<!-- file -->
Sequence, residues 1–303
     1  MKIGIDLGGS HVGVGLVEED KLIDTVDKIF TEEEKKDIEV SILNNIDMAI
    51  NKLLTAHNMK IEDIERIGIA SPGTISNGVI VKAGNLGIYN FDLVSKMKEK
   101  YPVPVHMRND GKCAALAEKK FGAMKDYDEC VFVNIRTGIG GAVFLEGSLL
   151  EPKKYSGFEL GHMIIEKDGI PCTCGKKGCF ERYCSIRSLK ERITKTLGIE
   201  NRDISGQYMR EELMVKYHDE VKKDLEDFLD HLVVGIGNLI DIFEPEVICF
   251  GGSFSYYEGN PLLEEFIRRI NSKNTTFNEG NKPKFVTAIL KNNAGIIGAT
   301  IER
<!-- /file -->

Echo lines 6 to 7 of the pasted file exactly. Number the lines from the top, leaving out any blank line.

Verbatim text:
   201  NRDISGQYMR EELMVKYHDE VKKDLEDFLD HLVVGIGNLI DIFEPEVICF
   251  GGSFSYYEGN PLLEEFIRRI NSKNTTFNEG NKPKFVTAIL KNNAGIIGAT